CBQ is another major player, with 29 branches across the country. Established in 1974, it owns Alternatif Bank in Turkey, and has signed strategic agreements with the National Bank of Oman and United Arab Bank. In mid-2021 it was the 21st-largest bank in the region, with a market value of $5.9bn and assets of $42.2bn. Doha Bank, for its part, is another large commercial bank and has branches in Kuwait, the UAE and India, as well as representative offices in countries including the UK, Japan and China. It had a market value of $2.4bn and assets of $28.4bn as of mid-2021. Other major players in terms of market value and assets include QIIB ($4bn and $16.8bn, respectively), Al Khaliji Bank ($2.2bn and $15.5bn) and Ahli Bank ($2.5bn and $13.1bn).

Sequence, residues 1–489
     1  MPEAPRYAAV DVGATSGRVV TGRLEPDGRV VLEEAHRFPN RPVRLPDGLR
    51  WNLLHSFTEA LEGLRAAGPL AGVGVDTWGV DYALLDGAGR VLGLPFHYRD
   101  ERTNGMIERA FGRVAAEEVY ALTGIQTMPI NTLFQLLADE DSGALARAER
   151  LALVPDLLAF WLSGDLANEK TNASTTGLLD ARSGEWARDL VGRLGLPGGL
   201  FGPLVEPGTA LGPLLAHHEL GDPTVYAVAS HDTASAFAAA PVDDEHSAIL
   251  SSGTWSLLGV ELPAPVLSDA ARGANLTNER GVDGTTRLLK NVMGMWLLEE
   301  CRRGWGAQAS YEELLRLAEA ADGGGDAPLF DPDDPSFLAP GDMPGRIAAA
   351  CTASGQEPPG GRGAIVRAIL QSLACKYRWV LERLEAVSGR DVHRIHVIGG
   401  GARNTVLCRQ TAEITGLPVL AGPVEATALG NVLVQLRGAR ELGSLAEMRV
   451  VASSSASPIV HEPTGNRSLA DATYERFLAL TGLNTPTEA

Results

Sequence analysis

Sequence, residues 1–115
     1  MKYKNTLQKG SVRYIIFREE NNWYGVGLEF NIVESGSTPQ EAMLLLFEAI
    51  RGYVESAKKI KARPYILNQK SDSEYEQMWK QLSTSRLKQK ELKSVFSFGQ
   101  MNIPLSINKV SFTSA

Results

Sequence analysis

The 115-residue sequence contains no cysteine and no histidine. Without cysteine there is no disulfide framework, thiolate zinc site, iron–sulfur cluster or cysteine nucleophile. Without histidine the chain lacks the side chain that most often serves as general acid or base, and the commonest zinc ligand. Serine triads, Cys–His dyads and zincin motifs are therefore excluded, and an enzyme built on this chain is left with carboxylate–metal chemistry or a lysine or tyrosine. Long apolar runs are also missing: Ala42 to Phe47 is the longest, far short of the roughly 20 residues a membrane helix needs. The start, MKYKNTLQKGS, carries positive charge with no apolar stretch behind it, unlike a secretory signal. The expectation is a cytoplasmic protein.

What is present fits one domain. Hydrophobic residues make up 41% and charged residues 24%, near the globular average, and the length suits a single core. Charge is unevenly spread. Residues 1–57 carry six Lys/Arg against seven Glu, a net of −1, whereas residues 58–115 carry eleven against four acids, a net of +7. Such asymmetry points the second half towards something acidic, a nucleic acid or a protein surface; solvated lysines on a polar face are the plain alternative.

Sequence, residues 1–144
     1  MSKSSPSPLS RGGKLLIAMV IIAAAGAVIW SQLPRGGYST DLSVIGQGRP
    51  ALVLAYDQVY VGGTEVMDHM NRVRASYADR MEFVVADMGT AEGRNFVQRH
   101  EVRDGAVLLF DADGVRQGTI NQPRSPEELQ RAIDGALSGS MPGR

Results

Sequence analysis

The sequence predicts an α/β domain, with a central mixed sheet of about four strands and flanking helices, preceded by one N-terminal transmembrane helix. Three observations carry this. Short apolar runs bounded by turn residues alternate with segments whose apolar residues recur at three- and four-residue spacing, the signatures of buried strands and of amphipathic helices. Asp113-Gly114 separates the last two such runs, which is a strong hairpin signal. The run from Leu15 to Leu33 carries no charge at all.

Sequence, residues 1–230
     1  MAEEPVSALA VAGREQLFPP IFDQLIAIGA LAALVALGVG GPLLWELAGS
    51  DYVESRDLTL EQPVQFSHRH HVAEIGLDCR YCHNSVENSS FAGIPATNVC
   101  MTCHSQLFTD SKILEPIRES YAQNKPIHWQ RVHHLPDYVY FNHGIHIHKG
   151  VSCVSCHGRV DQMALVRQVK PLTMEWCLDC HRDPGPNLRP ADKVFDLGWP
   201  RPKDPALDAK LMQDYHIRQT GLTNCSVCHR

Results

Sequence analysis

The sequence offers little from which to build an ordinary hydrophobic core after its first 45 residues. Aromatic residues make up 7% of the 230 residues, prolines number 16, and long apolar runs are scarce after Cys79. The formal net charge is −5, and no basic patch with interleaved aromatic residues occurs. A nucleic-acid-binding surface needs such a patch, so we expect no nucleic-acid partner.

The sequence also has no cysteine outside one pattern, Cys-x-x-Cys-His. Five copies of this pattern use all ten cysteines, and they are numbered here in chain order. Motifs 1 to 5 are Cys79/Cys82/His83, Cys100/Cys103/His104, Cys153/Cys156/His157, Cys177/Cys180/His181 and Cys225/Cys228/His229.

In November 2021 Masraf Al Rayan and Al Khaliji Bank completed a merger, creating one of the largest sharia-compliant banks in the region, with around QR182bn ($50bn) in assets at the time. The merged entity holds Masraf Al Rayan’s name, with the integration process expected to be completed in 2022. The merger was considered a milestone in the Qatari banking sector, as it reflected market maturity and the ability to facilitate large-scale deals.
According to the most recent “Quarterly Statistical Bulletin”, published by the QCB in December 2021, the country’s commercial banks closed the year with a combined QR1.8trn ($494bn) in assets, up from QR1.5trn ($411.7bn) and QR1.7trn ($466.6bn) in 2019 and 2020, respectively. Domestic credit accounted for the largest portion of assets in 2021, at QR1.1trn ($301.9bn), followed by domestic investment (QR239.4bn, $65.7bn), deposits in banks overseas (QR110.2bn, $30.2bn) and deposits at the QCB (QR81.2bn, $22.3bn).